Garrett Whitlock Reflects On First MLB Start After Red Sox-Rays

Whitlock was a bright spot in weird Red Sox loss

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Heading into Saturday’s game against the Tampa Bay Rays, all eyes were on the mound as Boston Red Sox pitcher Garrett Whitlock prepared to make his first career start.

Now a star bullpen arm for Boston, Whitlock came up as a starter in the New York Yankees organization before the Red Sox chose him in the Rule 5 Draft. But he had only been used out of the bullpen up until Saturday, a role in which he certainly fit. But now the Red Sox could have a problem on their hands, as Whitlock proved as terrific as a starter as he is out of the ‘pen.

“It was a lot of fun,” Whitlock said. “I hadn’t done it in an actual game since 2019 (in the minor leagues) so it was kind of fun to get back doing that again.”

The 25-year-old put together an awe-inspiring performance, mowing down Rays batters and no-hitting them through three innings, fanning six. The only hit he surrendered was a double to Brandon Lowe to lead off the fourth inning, his second time through the order. He finished with seven strikeouts and the one hit through four complete innings.

While the Red Sox fell in 10 innings, Whitlock was a bright spot.

“You come to expect that from him,” said bench coach Will Venable, who is serving as acting manager amid Alex Cora’s COVID-19 diagnosis. “Any situation you put him in, he is who he is. Calm, collected. He was the same today, just in a different role. But same Garrett.”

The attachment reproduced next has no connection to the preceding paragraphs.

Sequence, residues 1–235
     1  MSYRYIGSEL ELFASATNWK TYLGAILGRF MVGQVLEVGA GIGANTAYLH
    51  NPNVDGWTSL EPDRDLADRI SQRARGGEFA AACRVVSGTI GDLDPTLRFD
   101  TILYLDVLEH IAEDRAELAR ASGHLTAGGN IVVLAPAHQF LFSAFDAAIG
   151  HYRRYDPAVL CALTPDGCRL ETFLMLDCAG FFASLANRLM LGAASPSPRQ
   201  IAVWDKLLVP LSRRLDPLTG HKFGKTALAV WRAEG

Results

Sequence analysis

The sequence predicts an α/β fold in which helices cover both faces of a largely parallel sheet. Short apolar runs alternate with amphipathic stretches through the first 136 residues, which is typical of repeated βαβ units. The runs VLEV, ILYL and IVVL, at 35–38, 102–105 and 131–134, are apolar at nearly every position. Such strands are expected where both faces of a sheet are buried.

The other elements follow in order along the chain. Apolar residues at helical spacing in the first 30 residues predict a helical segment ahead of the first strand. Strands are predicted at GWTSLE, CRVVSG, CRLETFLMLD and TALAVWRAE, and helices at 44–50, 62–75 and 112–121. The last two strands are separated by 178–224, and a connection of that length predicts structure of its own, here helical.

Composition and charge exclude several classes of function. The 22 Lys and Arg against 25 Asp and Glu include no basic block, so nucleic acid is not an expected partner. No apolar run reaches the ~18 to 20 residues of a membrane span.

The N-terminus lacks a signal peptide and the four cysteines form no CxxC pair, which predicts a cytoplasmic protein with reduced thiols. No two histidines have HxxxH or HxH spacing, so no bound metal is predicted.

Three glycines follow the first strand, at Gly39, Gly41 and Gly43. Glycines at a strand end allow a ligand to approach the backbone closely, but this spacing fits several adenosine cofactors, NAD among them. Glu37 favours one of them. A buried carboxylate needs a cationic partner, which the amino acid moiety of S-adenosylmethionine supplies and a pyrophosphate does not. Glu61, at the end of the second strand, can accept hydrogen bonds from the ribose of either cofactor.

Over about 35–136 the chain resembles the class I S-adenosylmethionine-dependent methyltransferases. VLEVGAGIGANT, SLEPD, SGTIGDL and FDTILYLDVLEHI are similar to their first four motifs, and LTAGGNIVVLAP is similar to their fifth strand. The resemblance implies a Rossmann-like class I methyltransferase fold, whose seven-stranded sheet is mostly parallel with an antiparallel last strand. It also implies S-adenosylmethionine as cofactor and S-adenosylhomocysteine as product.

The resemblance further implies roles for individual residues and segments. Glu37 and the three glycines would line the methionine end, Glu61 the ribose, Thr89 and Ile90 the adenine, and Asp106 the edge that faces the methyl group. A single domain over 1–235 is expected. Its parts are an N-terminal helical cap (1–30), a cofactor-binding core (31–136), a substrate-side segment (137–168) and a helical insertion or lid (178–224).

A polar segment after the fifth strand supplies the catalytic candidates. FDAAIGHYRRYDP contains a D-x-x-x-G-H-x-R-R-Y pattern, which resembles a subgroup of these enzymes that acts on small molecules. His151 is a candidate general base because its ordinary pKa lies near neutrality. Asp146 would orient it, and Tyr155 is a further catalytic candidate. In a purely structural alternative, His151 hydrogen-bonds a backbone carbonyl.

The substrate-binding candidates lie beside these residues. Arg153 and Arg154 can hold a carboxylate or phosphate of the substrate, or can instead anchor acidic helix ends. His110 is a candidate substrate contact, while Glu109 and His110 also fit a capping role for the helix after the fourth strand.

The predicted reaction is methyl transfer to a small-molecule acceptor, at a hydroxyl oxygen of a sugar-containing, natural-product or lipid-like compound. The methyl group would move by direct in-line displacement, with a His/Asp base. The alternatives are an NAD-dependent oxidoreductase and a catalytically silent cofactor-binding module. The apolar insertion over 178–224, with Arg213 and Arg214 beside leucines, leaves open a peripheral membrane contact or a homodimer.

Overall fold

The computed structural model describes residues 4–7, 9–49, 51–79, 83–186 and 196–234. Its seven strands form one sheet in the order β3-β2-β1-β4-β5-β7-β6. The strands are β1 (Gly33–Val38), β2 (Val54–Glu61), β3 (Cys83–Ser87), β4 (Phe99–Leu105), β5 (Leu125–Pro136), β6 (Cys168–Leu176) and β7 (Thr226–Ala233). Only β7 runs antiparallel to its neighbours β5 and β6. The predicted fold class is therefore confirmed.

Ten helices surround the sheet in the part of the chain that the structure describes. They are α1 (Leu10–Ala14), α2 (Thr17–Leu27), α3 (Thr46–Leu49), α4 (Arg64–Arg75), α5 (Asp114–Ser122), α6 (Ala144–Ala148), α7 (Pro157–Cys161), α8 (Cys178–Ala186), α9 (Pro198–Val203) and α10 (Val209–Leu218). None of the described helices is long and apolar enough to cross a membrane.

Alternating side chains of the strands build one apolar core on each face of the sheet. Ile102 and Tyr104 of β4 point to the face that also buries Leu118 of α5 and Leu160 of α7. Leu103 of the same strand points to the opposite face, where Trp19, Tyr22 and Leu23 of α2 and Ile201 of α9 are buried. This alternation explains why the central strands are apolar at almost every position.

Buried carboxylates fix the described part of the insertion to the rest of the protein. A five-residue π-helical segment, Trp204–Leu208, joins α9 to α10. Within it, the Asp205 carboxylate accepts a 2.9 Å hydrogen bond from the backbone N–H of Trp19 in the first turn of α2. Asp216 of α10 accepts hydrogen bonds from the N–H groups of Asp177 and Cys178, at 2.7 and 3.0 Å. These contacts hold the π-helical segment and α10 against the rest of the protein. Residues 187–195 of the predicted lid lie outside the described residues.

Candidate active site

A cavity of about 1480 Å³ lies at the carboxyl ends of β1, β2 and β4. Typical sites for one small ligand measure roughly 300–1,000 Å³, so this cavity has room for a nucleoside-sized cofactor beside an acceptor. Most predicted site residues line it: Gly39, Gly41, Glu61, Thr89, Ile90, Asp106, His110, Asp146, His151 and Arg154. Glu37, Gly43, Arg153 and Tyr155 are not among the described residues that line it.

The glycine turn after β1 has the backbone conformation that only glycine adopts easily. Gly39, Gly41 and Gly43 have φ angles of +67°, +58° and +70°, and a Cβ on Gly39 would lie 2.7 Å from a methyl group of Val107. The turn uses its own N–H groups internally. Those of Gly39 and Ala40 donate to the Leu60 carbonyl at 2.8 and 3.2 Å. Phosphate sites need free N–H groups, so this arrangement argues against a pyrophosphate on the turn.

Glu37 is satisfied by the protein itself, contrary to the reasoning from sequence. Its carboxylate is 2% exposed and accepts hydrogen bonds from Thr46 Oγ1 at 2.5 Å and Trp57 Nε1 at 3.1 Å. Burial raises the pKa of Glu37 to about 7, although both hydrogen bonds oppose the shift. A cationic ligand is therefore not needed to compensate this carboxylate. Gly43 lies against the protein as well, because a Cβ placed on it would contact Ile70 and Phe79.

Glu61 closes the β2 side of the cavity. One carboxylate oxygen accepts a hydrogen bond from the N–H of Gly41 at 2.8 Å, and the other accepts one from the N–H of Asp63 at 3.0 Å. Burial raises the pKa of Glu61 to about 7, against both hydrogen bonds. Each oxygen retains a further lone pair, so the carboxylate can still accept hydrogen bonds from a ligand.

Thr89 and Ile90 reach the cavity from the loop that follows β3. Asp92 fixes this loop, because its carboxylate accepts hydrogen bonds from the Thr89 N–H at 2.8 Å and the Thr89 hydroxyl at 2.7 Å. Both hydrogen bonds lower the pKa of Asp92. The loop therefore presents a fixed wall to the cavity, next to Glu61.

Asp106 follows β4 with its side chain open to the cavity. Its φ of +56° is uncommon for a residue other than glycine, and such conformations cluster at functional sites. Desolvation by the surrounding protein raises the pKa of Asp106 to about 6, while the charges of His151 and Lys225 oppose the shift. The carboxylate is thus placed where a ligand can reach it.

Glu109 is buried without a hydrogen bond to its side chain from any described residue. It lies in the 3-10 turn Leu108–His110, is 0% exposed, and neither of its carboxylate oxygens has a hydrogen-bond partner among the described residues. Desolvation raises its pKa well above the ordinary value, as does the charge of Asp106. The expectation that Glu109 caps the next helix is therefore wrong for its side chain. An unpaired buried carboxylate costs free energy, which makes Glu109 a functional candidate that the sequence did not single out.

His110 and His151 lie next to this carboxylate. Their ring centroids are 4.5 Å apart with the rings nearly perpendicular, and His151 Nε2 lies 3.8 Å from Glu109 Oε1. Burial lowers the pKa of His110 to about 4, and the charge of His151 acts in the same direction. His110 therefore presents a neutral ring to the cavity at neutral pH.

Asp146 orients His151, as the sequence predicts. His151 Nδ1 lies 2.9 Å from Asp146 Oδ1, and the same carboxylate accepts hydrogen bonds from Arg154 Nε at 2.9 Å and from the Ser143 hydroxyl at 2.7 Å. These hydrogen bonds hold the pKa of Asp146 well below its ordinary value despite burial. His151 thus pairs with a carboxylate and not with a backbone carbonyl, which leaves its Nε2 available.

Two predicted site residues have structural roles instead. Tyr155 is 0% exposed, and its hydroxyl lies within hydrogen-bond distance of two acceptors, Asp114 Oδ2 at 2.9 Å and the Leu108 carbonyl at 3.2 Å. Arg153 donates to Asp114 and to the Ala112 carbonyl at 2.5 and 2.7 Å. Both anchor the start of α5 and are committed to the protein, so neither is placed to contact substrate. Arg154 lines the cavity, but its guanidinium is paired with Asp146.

Venable said the team was confident with where Whitlock came out of the game, having thrown 48 pitches (33 strikes) through his four innings.

Whitlock was his typical composed self when speaking to reporters after the game, noting he didn’t change his preparation too much.

“You just take it one inning at a time,” Whitlock said, as seen on NESN’s postgame coverage. “So that’s the thing, is you take it one batter, one out at a time, one inning at a time. And so it’s hey, when I get out there, get the lead-off guy, get the next guy, get back in the dugout. So you do that, then if they tell you to keep going out there you keep doing that until they tell you you’re done or they take the ball away from you.”

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